45. Mmmff. MWD you’ve hit some nails on the head. Let’s listen to General Ripper: “I first became aware of it, Mandrake, during the physical act of love. Yes, a profound sense of fatigue, and a feeling of emptiness followed. Luckily I was able to interpret these feelings correctly. Loss of essence.” Right, how lucky is that – an impenetrably self-confirming conclusion.

    That stuff about using feelings as cognitions could just suggest a point of contact with certain interesting feminist arguments, but to me it’s chilling. A few years ago someone very close to me suffered a descent into paranoid psychosis. She had always believed herself to be a quick and accurate judge of people; as her affliction grew in scope she became convinced that she could interpret the thoughts and feelings of others in detail at a glance. At one point we were on the highway and a truck passed going the other way, combined speed about 120mph. The cab was typically higher than our car, the sun was reflecting off the windshield, and from what I could tell the driver was wearing sunglasses (I could not tell you if it was a man or a woman). My friend turned to me and said with irrefutable certainty, “That man hates me.”

    Now granted this experience, repeated often over two years of unsuccessful attempts to get my friend to seek therapy, has made me hypervigilant where paranoid styles of thought are concerned. I think I know it when I see it, but unlike my friend I am not certain. Which is why I was both the right person for my friend to have around and exactly the wrong one too. And why I’m both quick with diagnostic hypotheses and slow with diagnostic conclusions.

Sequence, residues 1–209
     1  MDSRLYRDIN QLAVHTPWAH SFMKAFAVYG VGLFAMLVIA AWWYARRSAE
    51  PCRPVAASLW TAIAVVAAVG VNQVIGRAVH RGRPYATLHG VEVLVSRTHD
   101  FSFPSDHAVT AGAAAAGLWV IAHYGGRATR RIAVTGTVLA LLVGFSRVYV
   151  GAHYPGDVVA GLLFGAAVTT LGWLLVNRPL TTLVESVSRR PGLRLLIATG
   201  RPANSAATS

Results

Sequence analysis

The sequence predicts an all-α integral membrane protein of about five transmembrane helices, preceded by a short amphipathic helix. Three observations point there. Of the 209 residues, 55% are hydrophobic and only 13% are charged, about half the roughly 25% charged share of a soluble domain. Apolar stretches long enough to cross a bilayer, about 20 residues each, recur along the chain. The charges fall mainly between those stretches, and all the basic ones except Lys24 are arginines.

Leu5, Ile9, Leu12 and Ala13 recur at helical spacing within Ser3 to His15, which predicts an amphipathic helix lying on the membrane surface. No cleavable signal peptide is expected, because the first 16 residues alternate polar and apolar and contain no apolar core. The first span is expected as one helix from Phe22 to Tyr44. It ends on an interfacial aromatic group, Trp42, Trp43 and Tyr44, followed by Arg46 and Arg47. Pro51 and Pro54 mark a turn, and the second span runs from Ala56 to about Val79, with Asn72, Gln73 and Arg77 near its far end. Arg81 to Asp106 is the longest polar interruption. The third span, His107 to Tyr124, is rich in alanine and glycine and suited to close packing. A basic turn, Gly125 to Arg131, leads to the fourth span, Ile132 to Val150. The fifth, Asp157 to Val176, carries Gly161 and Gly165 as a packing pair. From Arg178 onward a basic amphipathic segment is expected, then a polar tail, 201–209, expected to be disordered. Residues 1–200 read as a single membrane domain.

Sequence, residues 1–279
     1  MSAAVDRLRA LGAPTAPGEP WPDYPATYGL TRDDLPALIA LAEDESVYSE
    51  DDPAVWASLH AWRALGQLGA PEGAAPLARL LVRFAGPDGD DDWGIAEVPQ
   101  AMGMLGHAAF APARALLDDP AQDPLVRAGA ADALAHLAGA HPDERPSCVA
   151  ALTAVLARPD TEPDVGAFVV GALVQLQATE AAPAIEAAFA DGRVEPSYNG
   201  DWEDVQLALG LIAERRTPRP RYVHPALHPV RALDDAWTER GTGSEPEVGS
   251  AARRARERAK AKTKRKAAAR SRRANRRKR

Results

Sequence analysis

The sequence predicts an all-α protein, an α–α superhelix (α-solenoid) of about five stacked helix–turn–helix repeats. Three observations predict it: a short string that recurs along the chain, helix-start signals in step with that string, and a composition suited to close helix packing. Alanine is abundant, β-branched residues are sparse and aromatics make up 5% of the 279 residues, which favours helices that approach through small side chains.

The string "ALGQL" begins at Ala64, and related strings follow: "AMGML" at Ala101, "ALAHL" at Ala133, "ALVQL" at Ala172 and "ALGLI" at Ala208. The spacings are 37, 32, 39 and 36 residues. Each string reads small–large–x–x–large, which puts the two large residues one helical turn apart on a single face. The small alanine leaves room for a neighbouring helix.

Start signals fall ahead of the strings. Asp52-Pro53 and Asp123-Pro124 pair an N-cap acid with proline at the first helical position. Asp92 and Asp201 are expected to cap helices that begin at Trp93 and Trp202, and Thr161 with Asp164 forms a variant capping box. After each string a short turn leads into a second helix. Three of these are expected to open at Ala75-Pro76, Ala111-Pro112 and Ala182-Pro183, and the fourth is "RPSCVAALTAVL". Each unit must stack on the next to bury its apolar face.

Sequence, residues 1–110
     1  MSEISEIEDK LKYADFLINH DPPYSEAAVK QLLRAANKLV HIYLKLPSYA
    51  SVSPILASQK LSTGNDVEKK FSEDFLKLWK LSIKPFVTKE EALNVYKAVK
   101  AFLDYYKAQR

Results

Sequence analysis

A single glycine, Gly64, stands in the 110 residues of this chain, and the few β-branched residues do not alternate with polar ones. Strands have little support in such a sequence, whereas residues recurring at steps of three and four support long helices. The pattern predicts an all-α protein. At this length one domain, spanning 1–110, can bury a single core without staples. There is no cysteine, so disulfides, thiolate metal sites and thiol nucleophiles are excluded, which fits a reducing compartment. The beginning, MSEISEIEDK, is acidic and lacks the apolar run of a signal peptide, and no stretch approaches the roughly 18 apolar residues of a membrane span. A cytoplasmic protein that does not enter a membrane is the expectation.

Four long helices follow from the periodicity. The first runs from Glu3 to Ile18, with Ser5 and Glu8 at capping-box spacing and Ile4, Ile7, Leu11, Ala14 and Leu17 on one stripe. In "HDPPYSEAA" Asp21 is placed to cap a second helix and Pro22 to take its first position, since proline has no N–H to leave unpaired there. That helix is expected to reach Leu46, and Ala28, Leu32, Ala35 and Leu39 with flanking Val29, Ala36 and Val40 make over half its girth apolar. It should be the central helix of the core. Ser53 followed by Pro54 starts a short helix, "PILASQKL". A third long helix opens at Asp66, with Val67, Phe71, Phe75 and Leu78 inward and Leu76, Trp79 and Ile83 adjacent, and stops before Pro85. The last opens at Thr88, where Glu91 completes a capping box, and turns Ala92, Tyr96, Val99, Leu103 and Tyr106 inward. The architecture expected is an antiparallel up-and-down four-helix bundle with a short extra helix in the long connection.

Re: deleting comments, I’m a historian. I don’t erase history, but if necessary I give it a different frame. You’re welcome here and I appreciate your contributions to this conversation.

  46. “Yes, something like the “bad feeling” people got in the South when looking at some Negros.”

    Yes, but perhaps those crackers were in fact wielding a (nowadays sadly undervalued) “cognitive tool” and had seen through to the “inner cores” of said “Negroes”. Perhaps you just ain’t got the “style” for it, dude 😉

    “I honestly don’t know why some want to give the Larva in his relatively underdeveloped psychosis the break here … Is it for you that Larvus is somehow more “well-meaning” in his hatreds and his lumping of trolls and vampires with the evils of society? Or is it that he is simply innocent as a babe is, not knowing what he is saying?”

    No, I think that the fact that he has apparently chosen to debase himself in this way of late by employing this pathetic tactic of demonising his critics is indeed regrettable. (In this respect I see him somewhat as an innocent child in the playground who has fallen in with a group of bullies who are themselves too stupid to deal with criticisms and have persuaded him that he needs to ‘stick up for himself’ more: i.e., “Don’t give them your time by responding to their requests for clarification! Can’t you see that they’re just trying to sap your energy?! Just call them names and throw stuff at them! Be like us!”)